As fans of RPGs, one of our favorite parts has always been the character creation and customization. Spending a lot of time in character creators over the years, we noticed a pattern in which the available options seemed skewed. As a result, we got the feeling that many ethnicities were somehow being actively ruled out and we both thought this was a prominent problem that needed to be examined further. This article is a comparative analysis of character creators in a selection of fantasy computer RPGs and MMORPGs, made for our bachelor's thesis at Uppsala University Campus Gotland.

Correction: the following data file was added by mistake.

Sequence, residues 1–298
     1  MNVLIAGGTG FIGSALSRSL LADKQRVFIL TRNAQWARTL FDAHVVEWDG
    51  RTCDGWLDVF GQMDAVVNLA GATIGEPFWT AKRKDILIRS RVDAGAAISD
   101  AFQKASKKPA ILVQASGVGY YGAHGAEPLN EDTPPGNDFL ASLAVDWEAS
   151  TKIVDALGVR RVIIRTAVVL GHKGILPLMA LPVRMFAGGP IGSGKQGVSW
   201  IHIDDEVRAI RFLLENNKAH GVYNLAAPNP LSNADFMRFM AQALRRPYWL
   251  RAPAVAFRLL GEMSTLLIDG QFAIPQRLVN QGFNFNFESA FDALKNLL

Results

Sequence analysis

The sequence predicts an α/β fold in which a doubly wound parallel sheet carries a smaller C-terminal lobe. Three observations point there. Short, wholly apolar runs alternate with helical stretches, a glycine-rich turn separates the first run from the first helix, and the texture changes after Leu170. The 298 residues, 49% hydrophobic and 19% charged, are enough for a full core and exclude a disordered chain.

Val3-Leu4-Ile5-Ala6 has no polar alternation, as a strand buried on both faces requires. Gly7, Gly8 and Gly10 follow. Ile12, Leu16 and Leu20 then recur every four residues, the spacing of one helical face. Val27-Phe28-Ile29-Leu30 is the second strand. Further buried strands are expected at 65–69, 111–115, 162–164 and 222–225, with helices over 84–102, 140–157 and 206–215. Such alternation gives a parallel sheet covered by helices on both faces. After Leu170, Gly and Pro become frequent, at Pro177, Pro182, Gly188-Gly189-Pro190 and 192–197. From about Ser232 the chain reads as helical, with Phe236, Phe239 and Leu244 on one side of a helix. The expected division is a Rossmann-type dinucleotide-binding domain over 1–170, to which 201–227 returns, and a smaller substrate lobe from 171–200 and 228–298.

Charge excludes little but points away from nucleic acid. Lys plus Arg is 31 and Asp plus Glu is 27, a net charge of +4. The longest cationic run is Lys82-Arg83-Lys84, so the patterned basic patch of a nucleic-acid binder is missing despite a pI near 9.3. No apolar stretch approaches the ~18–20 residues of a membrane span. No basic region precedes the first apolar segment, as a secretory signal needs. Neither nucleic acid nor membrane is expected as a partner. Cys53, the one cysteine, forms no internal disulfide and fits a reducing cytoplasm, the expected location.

We chose games from the fantasy genre since we noticed that the issue of the omission of ethnic minorities is often strongly present in those. The games we examined were developed in North America and Europe, including Russia: Allods Online, Dragon Age: Inquisition, Guild Wars 2, Kingdoms of Amalur: Reckoning, Neverwinter, Rift, The Elder Scrolls Online and World of Warcraft. We collected data of the human races and examined whether the character creators allow representation of different ethnicities.
By following a defined procedure we gathered relevant perceivable data from the character creators, which was the basis of our analysis, and conducted a series of interviews with people of different ethnicities to include opinions from those it directly affects. These interviews added different perspectives and valuable insight to what players want versus what’s offered, when analyzing the results from the data.